May. 15, 2007
Brazil Indigenous Groups Slam Pope For Saying They Were 'Silently Longing' To Be Christians
SAO PAULO, Brazil (AP) Indian rights groups are criticizing Pope Benedict XVI for insisting that Latin American Indians wanted to become Christian before European conquerors arrived centuries ago.
The pope said Sunday that pre-Columbian people of Latin America and the Caribbean were seeking Christ without realizing it. "Christ is the savior for whom they were silently longing," Benedict told a regional conference of bishops in Brazil.
But Paulo Suess, an adviser to Brazil's Indian Missionary Council, said Monday that the comments fail to account for the fact that Indians were enslaved and killed by the Portuguese and Spanish settlers who forced them to become Catholic.
Benedict "is a good theologian, but it seems he missed some history classes," said Suess, whose council is supported by the Roman Catholic Church.
The pope told the bishops that, "the proclamation of Jesus and of his Gospel did not at any point involve an alienation of the pre-Columbus cultures, nor was it the imposition of a foreign culture."
But Marcio Meira, who is in charge of Brazil's federal Indian Bureau, said Indians were forced to convert to Catholicism as the result of a "colonial process."
"As an anthropologist and a historian I feel obliged to say that, yes, in the past 500 years there was an imposition of the Catholic religion on the indigenous people," Meira said.
In Guatemala, where 42 percent of the nation's 12 million people call themselves Indian, the former presidential commissioner on racism said the pope's comments were a step backward.
"To say that there was no imposition is a falsification in light of the history if those that did not accept the faith were flagellated," said Ricardo Cajas.
Brazil once had an estimated 2,000 Indian tribes, but many have died out or assimilated into the general population since the nation was settled by the Portuguese in the 16th century, according to the Indian Missionary Council. Brazil's 2000 census found about 700,000 Indians in Latin America's most populous country.
Benedict said that indigenous Latin Americans formed "a synthesis between their cultures and the Christian faith which the missionaries were offering them."
He added that any return by those indigenous populations to their original religions "would be a step back."
Suess said the pope made similar statements while he was a senior cardinal.
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14 May 2007 17:14:33 GMT
Brazil's Indians offended by Pope commentsBy Raymond Colitt
BRASILIA, May 14 (Reuters) - Outraged Indian leaders in Brazil said on Monday they were offended by Pope Benedict's "arrogant and disrespectful" comments that the Roman Catholic Church had purified them and a revival of their religions would be a backward step.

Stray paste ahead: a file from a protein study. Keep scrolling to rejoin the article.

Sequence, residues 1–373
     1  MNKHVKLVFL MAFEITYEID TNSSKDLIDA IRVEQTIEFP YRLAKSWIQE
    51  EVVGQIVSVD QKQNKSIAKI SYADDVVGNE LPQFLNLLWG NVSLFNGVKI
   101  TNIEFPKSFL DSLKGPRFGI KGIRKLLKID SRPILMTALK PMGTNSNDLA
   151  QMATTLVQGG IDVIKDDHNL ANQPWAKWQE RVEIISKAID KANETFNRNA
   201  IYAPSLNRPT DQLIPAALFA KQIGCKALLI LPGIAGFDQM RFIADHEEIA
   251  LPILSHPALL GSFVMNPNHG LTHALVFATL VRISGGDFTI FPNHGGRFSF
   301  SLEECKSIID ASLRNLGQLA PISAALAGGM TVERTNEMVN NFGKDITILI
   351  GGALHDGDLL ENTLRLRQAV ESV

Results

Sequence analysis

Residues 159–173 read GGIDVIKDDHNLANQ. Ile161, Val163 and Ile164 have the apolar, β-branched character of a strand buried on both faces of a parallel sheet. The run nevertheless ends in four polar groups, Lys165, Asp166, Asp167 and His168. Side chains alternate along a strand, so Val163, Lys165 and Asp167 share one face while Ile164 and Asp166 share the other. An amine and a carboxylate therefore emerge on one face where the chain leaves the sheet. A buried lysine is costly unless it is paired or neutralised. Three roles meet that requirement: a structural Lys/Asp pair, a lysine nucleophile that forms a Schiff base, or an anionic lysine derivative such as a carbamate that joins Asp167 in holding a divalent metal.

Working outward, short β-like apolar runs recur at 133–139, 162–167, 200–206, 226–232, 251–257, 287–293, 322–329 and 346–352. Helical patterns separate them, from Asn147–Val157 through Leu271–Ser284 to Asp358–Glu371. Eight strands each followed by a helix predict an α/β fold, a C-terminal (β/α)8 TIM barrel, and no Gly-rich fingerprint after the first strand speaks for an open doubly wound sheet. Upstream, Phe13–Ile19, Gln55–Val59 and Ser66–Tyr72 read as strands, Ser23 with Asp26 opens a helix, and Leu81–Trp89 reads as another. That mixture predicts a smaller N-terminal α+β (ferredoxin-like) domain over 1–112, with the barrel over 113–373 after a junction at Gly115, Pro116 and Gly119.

In a speech to Latin American and Caribbean bishops at the end of a visit to Brazil, the Pope said the Church had not imposed itself on the indigenous peoples of the Americas.
They had welcomed the arrival of European priests at the time of the conquest as they were "silently longing" for Christianity, he said.
Millions of tribal Indians are believed to have died as a result of European colonization backed by the Church since Columbus landed in the Americas in 1492, through slaughter, disease or enslavement.
Many Indians today struggle for survival, stripped of their traditional ways of life and excluded from society.
"It's arrogant and disrespectful to consider our cultural heritage secondary to theirs," said Jecinaldo Satere Mawe, chief coordinator of the Amazon Indian group Coiab.
Several Indian groups sent a letter to the Pope last week asking for his support in defending their ancestral lands and culture. They said the Indians had suffered a "process of genocide" since the first European colonizers had arrived.
Priests blessed conquistadors as they waged war on the indigenous peoples, although some later defended them and many today are the most vociferous allies of Indians.
"The state used the Church to do the dirty work in colonizing the Indians but they already asked forgiveness for that ... so is the Pope taking back the Church's word?" said Dionito Jose de Souza a leader of the Makuxi tribe in northern Roraima state.
Pope John Paul spoke in 1992 of mistakes in the evangelization of native peoples of the Americas.
Pope Benedict not only upset many Indians but also Catholic priests who have joined their struggle, said Sandro Tuxa, who heads the movement of northeastern tribes.
"We repudiate the Pope's comments," Tuxa said. "To say the cultural decimation of our people represents a purification is offensive, and frankly, frightening.
"I think (the Pope) has been poorly advised."
Even the Catholic Church's own Indian advocacy group in Brazil, known as Cimi, distanced itself from the Pope.
"The Pope doesn't understand the reality of the Indians here, his statement was wrong and indefensible," Cimi advisor Father Paulo Suess told Reuters. "I too was upset."
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